In that thou hast defiled My sanctuary with all thine abominations, a third part of thee shall die with the pestilence, and with famine shall they be consumed in the midst of thee; a third part shall fall by the sword round about thee; and a third part I will scatter to every wind, and will draw out a sword after them (Ezek. 5:11-12);
where "famine" denotes the damnation of evil; "sword," the damnation of falsity; "to scatter to every wind, and to draw out the sword after them" denotes to dissipate truths and seize on falsities.
 In Jeremiah:
If they shall offer burnt-offering or meat-offering, I will not approve them; but I will consume them with sword, and with famine, and with pestilence (Jer. 14:12).
I will smite the inhabitants of this city, both man and beast; they shall die of a great pestilence; afterward I will give Zedekiah king of Judah, and his servants, and the people, and those who are left in this city from the pestilence, and from the sword, and from the famine, into the hand of Nebuchadnezzar. He that abideth in this city shall die by the sword, and by the famine, and by the pestilence; but he that goeth out and falleth away to the Chaldeans that besiege you, he shall live, and his soul shall be unto him for a spoil (Jer. 21:6-7, 9).
I will send upon them the sword, the famine, and the pestilence, till they be consumed from upon the earth (Jer. 24:10);
where also by the "sword" is signified the vastation of truth, by the "famine" the vastation of good, by the "pestilence" damnation. The like is signified by "the sword, the famine, and the pestilence" in the following passages, Jer. 27:8; 29:17, 18; 32:24, 36; 34:17; 38:2; 42:17, 22; 44:13; Ezek. 12:16.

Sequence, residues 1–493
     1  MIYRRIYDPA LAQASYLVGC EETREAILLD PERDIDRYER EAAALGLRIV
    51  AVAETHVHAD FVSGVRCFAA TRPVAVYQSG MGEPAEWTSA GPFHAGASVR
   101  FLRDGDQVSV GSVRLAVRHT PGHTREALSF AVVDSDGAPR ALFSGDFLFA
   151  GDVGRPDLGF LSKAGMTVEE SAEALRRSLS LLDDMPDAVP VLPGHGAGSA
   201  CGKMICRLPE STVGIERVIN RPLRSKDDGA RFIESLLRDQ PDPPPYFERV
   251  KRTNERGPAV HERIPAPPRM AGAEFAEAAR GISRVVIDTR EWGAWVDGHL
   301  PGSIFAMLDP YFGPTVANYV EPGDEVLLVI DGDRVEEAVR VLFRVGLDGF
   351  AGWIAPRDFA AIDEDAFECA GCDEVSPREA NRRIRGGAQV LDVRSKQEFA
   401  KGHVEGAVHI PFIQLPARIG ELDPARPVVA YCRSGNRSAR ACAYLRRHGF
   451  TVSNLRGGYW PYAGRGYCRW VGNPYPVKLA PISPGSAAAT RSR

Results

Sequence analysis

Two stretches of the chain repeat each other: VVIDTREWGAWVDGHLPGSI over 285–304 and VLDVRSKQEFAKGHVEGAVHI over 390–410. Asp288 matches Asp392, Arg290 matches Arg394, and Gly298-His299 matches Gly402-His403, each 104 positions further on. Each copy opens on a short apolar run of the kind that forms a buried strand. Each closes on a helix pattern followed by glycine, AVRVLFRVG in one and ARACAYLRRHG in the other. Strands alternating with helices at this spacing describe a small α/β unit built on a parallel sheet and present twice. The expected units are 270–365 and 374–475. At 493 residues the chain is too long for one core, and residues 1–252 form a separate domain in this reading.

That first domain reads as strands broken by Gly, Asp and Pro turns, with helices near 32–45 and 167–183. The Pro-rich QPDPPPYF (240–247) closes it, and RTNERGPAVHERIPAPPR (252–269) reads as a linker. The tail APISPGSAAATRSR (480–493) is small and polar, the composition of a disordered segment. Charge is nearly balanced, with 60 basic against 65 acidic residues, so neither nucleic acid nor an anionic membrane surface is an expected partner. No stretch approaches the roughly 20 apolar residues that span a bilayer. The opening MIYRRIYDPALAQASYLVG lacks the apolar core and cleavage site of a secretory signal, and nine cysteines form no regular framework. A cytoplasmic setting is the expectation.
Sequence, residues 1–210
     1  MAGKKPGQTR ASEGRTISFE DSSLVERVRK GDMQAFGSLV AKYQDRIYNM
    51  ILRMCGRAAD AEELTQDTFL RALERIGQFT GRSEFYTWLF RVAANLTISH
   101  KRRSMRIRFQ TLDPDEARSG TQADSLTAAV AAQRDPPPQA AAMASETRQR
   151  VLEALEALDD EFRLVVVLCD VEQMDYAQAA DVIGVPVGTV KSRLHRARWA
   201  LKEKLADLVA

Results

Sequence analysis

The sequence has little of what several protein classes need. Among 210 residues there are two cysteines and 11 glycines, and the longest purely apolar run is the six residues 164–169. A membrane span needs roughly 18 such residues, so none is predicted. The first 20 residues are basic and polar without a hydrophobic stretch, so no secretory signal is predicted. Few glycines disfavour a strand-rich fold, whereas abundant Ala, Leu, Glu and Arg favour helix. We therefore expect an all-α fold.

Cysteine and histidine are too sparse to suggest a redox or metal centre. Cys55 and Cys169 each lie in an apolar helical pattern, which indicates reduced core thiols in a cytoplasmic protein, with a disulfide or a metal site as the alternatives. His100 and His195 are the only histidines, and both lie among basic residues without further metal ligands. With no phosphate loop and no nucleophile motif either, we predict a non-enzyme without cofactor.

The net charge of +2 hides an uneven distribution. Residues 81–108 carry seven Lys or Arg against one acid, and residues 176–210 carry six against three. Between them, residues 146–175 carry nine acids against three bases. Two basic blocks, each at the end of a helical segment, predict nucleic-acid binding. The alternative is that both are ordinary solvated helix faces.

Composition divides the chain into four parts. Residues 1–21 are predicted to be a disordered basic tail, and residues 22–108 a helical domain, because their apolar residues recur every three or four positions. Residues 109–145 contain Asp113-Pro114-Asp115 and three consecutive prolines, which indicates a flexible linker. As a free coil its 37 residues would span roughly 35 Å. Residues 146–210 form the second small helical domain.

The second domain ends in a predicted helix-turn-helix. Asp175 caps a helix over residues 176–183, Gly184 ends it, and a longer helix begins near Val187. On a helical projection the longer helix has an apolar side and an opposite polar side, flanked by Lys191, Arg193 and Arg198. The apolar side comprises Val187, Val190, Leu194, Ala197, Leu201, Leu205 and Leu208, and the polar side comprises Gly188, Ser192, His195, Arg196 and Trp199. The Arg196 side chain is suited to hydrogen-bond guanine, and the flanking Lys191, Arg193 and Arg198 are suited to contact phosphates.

As these three follow in their order, therefore these three were proposed to David by the prophet Gad, namely, whether there should come seven years of famine; or he should flee three months before his enemies; or whether there should be three days' pestilence in the land (2 Sam. 24:13); "to flee before his enemies" stands for "the sword." In Amos:
I have sent among you the pestilence in the way of Egypt; I have slain your young men with the sword, with the captivity of your horses (Amos 4:10);
"the pestilence in the way of Egypt" denotes the vastation of good by means of falsities, which are "the way of Egypt;" "I have slain your young men with the sword, with the captivity of the horses," denotes the vastation of truth. (By "young men" are signified truths, and by "horses" things of the intellect, see n. 2761, 2762, 3217, 5321, 6534.)
 In Ezekiel:
Pestilence and blood shall pass through thee (Ezek. 5:17).
I will send unto her pestilence and blood in her streets (Ezek. 28:23);
where "pestilence" denotes adulterated good; and "blood," falsified truth. (That "blood" denotes falsified truth, see n. 4735, 6978).
 In David:
Thou shalt not be afraid for the dread of night, nor for the arrow that flieth by day; for the pestilence that creepeth in thick darkness, nor for the death that wasteth at noonday (Ps. 91:5-6).
Here the "dread of night" denotes the falsity which is in secret; the "arrow that flieth by day," the falsity which is in the open; the "pestilence that creepeth in thick darkness," the evil which is in secret; the "death that wasteth at noonday," the evil which is in the open. That "pestilence" denotes evil and the damnation of evil, is plain from death's being spoken of also, which is here distinguished from the pestilence merely by its being said of death that "it wasteth at noonday," and of the pestilence that "it creepeth in thick darkness." Again:
He directed the way of His anger; He forbade not their soul from death, and closed their life with the pestilence (Ps. 78:50);
speaking of the Egyptians; the "pestilence" denotes every kind of evil and its damnation.